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Originally published: 2013-01-15 12:32:53
Last modified: 2013-01-15 12:34:05

Woody feels ASU is right fit

by Steve Behr Sports Editor

New Appalachian State defensive coordinator Nate Woody had other offers to leave Wofford. The longtime Wofford defensive coach turned them all down.


After 22 years, it took an offer from Appalachian State to get him to move away from Spartanburg, S.C. Woody, who was hired over the weekend by ASU head coach Scott Satterfield, said Monday in a conference call that Appalachian State was the “right fit” for him and his family.


“I’ve been on journeys before to talk about job opportunities and they were not the right fit,” Woody said. “This one was absolutely the right fit. It was right for me and my family and a chance for me to step in and grow as a coach.”


Woody takes over for Dale Jones, who was the defensive coordinator and linebackers coach at Appalachian State from 2010-12. Defensive line coach Jason Blalock was not retained.

Satterfield did not elaborate what role Jones would play. Satterfield said he would confer with Jones, Woody and bandits coach Mark Ivey, who was brought in to Appalachian State last season.


Cornerbacks coach Bryan Brown and secondary coach Scott Sloan will stay where they are.

“I’m working that out with coach Ivey and Dale,” Satterfield said. “Between the three of them we’ll figure out how to coach the front seven. Coach Brown and coach Sloan will stay where they are at the corners and safeties.”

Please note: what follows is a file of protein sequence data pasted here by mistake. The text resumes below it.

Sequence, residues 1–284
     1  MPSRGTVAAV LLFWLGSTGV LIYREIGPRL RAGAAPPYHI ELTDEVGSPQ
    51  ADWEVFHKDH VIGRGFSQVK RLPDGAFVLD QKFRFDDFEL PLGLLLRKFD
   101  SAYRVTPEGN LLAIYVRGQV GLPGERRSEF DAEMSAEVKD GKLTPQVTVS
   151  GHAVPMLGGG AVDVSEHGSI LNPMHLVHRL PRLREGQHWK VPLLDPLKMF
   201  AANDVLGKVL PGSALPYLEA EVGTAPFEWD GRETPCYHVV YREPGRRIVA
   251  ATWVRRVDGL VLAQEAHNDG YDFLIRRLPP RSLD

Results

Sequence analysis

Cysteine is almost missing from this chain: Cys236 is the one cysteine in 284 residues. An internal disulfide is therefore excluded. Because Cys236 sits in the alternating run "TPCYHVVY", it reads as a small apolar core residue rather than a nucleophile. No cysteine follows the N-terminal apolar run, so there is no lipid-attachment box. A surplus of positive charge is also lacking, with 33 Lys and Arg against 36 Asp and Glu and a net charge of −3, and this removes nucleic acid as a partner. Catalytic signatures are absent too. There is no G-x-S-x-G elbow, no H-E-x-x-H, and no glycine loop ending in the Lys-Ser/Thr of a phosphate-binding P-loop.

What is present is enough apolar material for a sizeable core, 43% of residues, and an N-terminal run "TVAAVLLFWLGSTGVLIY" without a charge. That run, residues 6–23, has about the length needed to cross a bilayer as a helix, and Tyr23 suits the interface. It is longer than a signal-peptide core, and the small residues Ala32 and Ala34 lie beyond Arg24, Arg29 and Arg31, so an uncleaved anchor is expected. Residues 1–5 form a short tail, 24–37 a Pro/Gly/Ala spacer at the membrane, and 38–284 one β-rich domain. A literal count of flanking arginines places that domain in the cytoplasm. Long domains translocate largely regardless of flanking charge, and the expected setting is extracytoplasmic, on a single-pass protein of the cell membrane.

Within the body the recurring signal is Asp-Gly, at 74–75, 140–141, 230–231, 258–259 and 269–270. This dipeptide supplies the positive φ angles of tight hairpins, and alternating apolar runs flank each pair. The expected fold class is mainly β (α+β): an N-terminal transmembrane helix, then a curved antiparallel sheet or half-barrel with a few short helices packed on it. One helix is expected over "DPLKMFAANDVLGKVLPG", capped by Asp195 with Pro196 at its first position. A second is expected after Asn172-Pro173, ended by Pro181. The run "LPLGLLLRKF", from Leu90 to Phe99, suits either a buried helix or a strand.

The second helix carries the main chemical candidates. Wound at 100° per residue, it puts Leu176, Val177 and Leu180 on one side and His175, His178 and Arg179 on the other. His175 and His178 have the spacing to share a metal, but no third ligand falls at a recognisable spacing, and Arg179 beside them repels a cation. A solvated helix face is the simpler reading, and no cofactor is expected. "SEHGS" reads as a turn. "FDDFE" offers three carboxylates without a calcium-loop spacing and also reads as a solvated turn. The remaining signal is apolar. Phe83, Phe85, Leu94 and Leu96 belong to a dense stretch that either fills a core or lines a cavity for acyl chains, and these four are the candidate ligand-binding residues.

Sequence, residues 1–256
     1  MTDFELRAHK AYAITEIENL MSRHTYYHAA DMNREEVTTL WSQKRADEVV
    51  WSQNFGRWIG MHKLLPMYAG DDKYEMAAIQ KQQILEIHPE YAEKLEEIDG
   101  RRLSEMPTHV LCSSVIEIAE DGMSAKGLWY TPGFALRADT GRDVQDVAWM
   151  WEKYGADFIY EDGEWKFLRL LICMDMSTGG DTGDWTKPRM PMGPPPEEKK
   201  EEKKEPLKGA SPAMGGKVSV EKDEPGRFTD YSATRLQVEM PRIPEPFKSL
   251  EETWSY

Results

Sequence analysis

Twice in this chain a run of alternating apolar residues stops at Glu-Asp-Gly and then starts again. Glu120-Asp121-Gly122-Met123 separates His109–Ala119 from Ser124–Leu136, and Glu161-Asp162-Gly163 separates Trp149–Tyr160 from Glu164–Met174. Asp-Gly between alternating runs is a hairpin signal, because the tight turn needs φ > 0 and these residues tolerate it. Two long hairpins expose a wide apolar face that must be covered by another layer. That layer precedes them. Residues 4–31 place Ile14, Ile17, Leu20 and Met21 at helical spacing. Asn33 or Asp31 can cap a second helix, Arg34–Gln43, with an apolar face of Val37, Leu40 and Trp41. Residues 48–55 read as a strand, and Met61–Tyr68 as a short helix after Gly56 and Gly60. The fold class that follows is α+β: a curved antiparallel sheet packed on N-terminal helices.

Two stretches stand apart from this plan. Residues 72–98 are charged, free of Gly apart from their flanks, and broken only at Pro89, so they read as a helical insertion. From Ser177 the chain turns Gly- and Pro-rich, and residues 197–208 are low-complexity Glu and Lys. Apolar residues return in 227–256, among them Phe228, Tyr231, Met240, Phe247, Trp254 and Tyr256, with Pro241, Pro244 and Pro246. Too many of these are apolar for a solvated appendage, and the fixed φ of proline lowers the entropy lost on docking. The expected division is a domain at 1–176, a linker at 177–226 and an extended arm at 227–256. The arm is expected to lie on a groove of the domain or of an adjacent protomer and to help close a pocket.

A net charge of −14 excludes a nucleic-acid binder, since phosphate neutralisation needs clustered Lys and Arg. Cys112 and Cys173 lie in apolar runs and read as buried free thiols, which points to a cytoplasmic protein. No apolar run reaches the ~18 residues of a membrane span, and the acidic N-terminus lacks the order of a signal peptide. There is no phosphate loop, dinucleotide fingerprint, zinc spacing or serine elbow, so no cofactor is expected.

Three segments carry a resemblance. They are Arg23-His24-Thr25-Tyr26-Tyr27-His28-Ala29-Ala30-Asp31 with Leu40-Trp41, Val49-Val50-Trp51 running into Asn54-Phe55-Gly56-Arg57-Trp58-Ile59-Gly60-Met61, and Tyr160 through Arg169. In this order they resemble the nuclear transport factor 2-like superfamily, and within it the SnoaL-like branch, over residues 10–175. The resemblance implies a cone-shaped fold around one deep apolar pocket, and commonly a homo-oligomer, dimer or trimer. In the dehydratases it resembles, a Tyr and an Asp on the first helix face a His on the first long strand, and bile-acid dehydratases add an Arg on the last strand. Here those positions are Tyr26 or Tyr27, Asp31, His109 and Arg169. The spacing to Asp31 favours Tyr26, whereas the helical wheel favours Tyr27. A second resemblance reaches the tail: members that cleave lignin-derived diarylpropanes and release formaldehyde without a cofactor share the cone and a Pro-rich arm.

Satterfield said his experience trying to solve Wofford’s defenses was one of the reasons why be pursued Woody.


“They’ve always done a great job of keeping everything in front of them and forcing a lot of turnovers,” Satterfield said. “They’ve also been tough on quarterbacks. I felt he can give us a chance to win championships. The chance to get Nate Woody, with his core values, fits with what we want at Appalachian State.”


Woody was Wofford’s defensive coordinator for 13 seasons, and an assistant coach at Wofford for 22 seasons. In 2012, the Terriers allowed just 16.6 points and 305.9 yards per game. Both were tops in the SoCon last season.


The Terriers were ninth in the nation in total defense last season.


Wofford was also seventh in the nation in total defense in 2010 with 285.9 yards per game. The Terriers also led the nation with 41 takeaways in 2003.


Woody said the Mountaineers would return to a 3-4 set in 2013, but would also rush the passer with at least four players. He said the flexibility of having an extra pass rusher gives the Mountaineers an advantage.


“There are several kinds of 3-4 defenses,” Woody said. “We’ll rush four more than three and more than five. What we want to do is to be flexible on which four are rushing. I felt like we had the right personnel at Wofford and we did a great job of getting pressure on the quarterback.”


Woody met with the defense on Sunday, but has not met one-on-one with the players. His top priority is recruiting until getting ready for spring practices.


He did not get much of a chance to watch Appalachian State’s defense since he spent most of his Saturdays trying to stop the Mountaineers’ offense. He is aware of the postseason awards Appalachian State’s players have won in the past, but also knows that the returning defense is young as a group.


“As you look at our defense at Appalachian, we are a little young in a lot of places,” Woody said. “We’ve got younger guys who are still learning.  Once they’ve learned, they can be pretty good. They’ll get faster once they’ve learned it.”